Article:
A register of digital services
A complementary approach would be to publish a list of the current digital services operated by government. This would make it a matter of public fact which services are in use and when they change, and could include a link to the source code.
Such lists are beginning to be produced, albeit for slightly different reasons. The Home Office maintain a list of their digital and non-digital services as the public experience them, and many local government digital teams publish information about new services they are developing on the Pipeline website.
Central government should maintain a central public register of digital services. It should include information about the current versions of software deployed, along with an explanation of any changes made over time.
Explaining how data has been used
Putting users in control of the data held about them and telling them how that data has been used is an approach that several countries have taken to increase trust and transparency. Users of India’s digital identity Aadhaar can view the history of how their credentials have been used online. While in Estonia, citizens can see when public officials have accessed data about them.
UK government should follow this approach and provide ways for people to understand how data about them is being used. Alongside this, there should be clear routes to report misuse of data.
Expecting individuals, alone, to audit how data about them is obviously not sufficient. Regulators and auditors should gain new powers to review both code and data use.
Transparency at the point of use
Finally, there is a huge opportunity to design openness and transparency directly into the services people use. Digital services could easily contain links to information about how the service is performing, who the minister responsible is, and upcoming changes and the underlying law. Given the UK now has a single central website, this could be done systematically across all the services linked to from GOV.UK.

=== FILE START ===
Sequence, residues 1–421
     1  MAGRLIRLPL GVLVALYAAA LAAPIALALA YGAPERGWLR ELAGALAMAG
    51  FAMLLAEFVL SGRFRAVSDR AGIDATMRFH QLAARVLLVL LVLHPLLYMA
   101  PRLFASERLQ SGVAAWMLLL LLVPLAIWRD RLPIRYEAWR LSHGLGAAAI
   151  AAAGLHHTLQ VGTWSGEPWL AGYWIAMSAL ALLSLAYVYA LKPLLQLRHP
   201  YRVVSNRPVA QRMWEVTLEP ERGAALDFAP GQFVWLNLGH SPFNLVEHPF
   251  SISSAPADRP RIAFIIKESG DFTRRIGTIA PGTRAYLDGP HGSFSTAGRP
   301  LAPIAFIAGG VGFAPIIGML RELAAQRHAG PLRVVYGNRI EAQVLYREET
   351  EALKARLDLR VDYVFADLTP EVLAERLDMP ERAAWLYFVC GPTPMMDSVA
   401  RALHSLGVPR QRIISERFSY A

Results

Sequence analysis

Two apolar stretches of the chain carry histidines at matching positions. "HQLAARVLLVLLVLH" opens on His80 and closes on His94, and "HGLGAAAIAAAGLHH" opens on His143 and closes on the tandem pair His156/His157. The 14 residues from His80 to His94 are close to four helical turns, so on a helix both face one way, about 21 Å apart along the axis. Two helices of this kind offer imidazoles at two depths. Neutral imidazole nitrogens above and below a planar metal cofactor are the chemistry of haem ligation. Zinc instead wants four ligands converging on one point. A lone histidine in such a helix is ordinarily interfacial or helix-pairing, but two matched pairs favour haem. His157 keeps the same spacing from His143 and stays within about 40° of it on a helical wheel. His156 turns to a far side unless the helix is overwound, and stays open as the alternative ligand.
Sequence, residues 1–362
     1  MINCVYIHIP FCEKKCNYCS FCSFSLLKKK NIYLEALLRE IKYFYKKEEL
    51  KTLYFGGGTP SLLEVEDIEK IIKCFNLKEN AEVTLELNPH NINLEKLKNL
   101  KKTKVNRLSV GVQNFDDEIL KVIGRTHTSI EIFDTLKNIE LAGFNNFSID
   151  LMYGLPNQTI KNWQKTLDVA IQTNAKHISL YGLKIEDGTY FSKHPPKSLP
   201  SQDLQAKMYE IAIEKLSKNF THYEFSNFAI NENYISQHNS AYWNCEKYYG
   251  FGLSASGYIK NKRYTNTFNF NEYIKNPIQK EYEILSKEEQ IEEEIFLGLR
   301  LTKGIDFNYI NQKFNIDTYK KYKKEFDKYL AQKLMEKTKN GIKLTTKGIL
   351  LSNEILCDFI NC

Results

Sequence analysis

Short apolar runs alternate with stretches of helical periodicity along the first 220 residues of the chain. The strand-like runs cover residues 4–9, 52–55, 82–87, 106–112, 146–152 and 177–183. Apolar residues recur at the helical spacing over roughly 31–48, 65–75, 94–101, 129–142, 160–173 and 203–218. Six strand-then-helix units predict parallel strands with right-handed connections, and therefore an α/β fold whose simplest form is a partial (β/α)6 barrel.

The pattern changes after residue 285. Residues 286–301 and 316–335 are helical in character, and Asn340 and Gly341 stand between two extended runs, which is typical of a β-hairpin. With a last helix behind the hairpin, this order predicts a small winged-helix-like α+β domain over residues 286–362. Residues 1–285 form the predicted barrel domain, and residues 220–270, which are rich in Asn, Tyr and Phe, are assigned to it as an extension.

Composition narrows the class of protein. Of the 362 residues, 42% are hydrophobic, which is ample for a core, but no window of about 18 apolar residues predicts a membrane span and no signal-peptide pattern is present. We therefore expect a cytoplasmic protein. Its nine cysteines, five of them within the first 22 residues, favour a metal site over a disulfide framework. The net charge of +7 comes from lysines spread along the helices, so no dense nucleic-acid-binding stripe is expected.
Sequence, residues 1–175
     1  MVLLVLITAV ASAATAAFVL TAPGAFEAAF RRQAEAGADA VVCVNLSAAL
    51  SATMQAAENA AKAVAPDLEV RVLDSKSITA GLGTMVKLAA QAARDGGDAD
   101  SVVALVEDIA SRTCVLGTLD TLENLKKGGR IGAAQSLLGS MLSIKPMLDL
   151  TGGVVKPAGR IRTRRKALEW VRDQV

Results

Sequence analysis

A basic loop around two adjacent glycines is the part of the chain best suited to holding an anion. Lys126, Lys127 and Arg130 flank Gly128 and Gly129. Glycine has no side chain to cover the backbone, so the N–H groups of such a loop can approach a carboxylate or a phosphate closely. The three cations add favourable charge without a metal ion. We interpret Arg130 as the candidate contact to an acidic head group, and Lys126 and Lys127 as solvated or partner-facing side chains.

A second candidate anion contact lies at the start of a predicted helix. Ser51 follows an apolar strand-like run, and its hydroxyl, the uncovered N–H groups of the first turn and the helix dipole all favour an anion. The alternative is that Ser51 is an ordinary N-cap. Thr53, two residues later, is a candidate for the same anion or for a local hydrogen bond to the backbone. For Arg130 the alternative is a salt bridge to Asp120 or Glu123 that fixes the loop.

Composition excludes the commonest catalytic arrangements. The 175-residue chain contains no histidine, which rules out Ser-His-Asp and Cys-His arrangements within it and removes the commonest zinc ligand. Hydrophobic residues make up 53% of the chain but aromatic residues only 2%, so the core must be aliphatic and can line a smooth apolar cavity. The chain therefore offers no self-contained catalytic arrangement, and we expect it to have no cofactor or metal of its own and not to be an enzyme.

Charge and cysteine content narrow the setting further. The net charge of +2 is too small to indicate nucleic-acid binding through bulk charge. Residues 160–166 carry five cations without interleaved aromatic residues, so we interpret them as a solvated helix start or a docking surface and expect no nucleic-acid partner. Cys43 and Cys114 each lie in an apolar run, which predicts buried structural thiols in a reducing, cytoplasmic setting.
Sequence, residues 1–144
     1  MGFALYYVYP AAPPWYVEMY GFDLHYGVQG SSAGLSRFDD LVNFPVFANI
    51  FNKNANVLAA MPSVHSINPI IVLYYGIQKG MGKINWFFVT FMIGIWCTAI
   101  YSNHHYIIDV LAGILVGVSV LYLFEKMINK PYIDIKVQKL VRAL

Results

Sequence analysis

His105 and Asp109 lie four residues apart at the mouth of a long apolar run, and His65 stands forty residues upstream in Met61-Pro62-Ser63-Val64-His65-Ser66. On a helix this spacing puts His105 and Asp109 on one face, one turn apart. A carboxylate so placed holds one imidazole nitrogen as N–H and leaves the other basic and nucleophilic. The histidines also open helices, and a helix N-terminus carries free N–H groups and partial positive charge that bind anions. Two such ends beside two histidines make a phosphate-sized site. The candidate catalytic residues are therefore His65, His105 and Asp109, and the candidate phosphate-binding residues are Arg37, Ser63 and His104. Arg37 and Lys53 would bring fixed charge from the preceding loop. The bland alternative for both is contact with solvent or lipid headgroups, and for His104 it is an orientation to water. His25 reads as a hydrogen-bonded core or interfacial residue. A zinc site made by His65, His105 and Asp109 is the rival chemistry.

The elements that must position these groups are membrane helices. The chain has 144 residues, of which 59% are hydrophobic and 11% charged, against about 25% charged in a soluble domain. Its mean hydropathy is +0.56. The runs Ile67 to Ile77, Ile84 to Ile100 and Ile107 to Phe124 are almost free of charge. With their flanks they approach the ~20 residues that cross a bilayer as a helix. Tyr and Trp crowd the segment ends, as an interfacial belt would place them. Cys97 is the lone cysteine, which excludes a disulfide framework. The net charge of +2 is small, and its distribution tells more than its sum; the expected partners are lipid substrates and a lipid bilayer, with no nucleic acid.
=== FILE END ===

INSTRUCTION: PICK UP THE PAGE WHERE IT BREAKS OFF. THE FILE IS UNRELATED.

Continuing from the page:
Government by explanation
It is important to note that none of this is a substitute for the design of policy and services in an empathetic and fair manner. However, government services will never work for all the people all of the time. And in those (hopefully rare) situations being able to understand why is critical.
Digital services are now a core part of how government tries to meet the needs of the public. As such, they should no longer just be seen through the lens of making things cheaper or easier. Creating opportunities for public understanding and accountability should become a core design principle of the digital government movement.
The Digital State project, led by Dr Tanya Filer, sets out both to lead policy research and provide a forum for broad-ranging discussion with academics and policymakers on the opportunities and challenges that digital technologies pose to policymaking, governance and democracy.
About the author
Richard Pope, Affiliated Researcher
Richard was part of the founding team at the UK Government Digital Service, working as product manager for the first version of GOV.UK, which went on to win the Design of the Year award in 2013, and co-authoring the Digital by Default Service Standard, which ... Learn more